Well, tonight, investigators are closer to answering some of the many unanswered questions. Some of those answers are starting to come from the plane's cockpit voice recorder.
MARSH (voice-over): This is the strongest clue investigators have in their hands. The exterior of Germanwings Flight 9525's cockpit voice recorder looks damaged but French authorities revealed today they have had some success.
UNIDENTIFIED MALE: We are very glad that the first flight recorder has been retrieved yesterday and the French authority confirmed just a few hours ago that one of the audio streams is readable.
MARSH: The cockpit voice recorder captured audio up to the moment of impact. It will provide critical information like whether the pilots were talking in the minutes leading up to the crash. What were they saying and what else was happening in the cockpit?
UNIDENTIFIED MALE: They're prepared to work with whatever they've got to get the information. It's more than just voice. They can hear what switches are being thrown and what buttons are being pushed. They can tell a lot about what's going on in the cockpit from that listening device.
MARSH: Flight 9525 took off at 10:01 Tuesday morning from Barcelona bound for Dusseldorf, Germany, with 150 people on board. Investigators say the plane reached a cruising altitude of 38,000 feet. It descended for about ten minutes. The plane disappeared from French radar when it was at around 6,000 feet. Investigators say the descent appeared controlled.
UNIDENTIFIED MALE (through translator): The curve is compatible with an aircraft controlled by pilots, except for the fact that we can't imagine pilots consciously sending an aircraft into a mountain. But it may also be compatible with an aircraft which is controlled by an automatic pilot.
MARSH: Finding the plane's second black box will be critical to unlock the mystery of what brought down the jet. On the flight data recorder, investigators will get a second by second breakdown of how the plane's systems were functioning. Was everything working or was there mechanical failure. But the status of the search for this critical piece of the plane is unclear.
[16:20:02] Today, France's president said this.
FRANCOIS HOLLANDE, FRENCH PRESIDENT (through translator): A second black box is being looked for. Its outside frame has been found but unfortunately not the black box itself. At this very moment, there are men in the field searching.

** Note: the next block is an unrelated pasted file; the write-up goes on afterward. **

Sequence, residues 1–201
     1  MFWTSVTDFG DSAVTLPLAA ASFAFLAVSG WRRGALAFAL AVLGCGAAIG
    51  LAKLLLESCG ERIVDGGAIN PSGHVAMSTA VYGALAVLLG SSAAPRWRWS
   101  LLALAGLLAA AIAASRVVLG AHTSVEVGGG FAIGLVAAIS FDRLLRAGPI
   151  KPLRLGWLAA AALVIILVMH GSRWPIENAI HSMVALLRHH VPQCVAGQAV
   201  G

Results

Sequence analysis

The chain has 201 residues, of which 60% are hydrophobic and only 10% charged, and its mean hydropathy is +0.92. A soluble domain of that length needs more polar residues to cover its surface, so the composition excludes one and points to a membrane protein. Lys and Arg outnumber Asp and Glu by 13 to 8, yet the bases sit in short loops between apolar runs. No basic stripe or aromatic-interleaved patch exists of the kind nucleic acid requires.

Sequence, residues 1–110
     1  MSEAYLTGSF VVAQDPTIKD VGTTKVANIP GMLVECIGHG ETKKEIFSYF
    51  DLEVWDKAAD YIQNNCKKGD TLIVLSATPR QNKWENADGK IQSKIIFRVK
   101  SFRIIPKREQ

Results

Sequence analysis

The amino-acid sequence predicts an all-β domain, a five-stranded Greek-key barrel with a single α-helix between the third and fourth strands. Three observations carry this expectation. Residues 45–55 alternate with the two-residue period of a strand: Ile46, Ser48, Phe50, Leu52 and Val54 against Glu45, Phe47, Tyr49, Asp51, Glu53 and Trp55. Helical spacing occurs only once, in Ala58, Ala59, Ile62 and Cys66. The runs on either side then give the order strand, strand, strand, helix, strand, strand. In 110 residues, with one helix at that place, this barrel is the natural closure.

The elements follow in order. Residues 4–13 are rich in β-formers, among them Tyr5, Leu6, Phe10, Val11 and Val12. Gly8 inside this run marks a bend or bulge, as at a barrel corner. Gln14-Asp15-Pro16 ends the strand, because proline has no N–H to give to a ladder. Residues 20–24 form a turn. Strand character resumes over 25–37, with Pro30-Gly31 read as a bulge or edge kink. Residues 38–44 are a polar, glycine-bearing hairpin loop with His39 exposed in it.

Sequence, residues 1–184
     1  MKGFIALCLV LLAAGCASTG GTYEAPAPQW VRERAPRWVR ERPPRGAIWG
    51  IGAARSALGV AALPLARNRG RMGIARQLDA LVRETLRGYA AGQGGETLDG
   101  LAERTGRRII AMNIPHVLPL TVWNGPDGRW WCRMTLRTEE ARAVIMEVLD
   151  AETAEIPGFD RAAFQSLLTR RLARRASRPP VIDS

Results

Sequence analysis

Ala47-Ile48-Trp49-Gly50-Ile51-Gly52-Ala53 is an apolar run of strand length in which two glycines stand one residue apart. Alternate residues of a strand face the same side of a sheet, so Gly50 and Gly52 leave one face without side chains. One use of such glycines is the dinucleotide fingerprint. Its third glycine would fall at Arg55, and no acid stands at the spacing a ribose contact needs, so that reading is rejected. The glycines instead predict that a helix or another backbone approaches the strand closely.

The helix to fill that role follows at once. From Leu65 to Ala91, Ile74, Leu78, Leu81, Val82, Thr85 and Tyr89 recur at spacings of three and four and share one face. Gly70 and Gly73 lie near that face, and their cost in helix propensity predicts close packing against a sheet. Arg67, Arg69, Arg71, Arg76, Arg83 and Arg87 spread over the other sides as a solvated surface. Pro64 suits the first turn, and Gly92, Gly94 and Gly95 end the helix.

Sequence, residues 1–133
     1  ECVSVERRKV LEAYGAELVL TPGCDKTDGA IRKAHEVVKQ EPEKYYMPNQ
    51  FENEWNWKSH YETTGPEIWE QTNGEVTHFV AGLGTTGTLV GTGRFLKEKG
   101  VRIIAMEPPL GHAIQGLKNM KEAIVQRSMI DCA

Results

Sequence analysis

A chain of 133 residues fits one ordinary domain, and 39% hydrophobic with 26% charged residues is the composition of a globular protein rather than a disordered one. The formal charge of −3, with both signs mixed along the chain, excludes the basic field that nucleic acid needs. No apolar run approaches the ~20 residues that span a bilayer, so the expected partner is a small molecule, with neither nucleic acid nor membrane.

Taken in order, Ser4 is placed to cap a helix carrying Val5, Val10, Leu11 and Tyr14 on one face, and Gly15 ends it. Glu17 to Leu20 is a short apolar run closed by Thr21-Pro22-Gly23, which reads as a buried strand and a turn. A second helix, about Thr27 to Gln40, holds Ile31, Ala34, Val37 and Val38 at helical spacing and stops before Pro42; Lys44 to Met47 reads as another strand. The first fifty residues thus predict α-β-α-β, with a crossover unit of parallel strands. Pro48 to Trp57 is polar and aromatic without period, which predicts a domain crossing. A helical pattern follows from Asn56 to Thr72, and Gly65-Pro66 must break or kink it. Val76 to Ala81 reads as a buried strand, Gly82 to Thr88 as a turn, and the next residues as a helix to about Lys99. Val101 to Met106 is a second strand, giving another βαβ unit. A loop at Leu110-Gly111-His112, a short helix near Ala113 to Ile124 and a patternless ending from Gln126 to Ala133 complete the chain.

MARSH: A claim French investigators seem to dispute.
UNIDENTIFIED MALE (through translator): Those rumors are not at all confirmed. We have not localized the black box. We have not found any debris of the black box.
MARSH: Even if the plane's flight data recorder is not in one piece, data may still be retrieved. It's located in the tail of the plane, the boxes encased in stainless steel and the memory cards containing the valuable information is wrapped in thermal insulation. They are designed to withstand impacts 3,400 times the force of gravity, can survive flames up to 2,000 degrees for an hour and can withstand extreme cold.
MARSH: Well, investigators won't say if they heard voices in the cockpit up until the moment of impact. What they're doing right now is analyzing the audio to determine what sounds they hear, who is speaking. As far as the debris field, investigators say the size of the field suggests that the plane broke up on impact and not midair. They can look at the size of the pieces and how wide the field is and make that determination.
BERMAN: Rene Marsh, thanks so much.
We'll have more discussion about the debris field and also the audio coming up, first -- shortly.
But first, the FBI is looking into possible criminal activity related to the crash of Flight 9525. CNN's Pamela Brown has been in touch with her sources.
And, Pamela, you've got breaking news on this front. PAMELA BROWN, CNN JUSTICE CORRESPONDENT: Absolutely. It's still very
much a mystery as to what happened, but I can tell you, FBI agents based in France, Germany and Spain are looking through all sources of intelligence and cross-referencing the passenger manifest to see if there's anyone of interest that the U.S. is aware of who may be on -- who may have been on that flight, Flight 9525. This is according to two law enforcement officials I have been speaking with.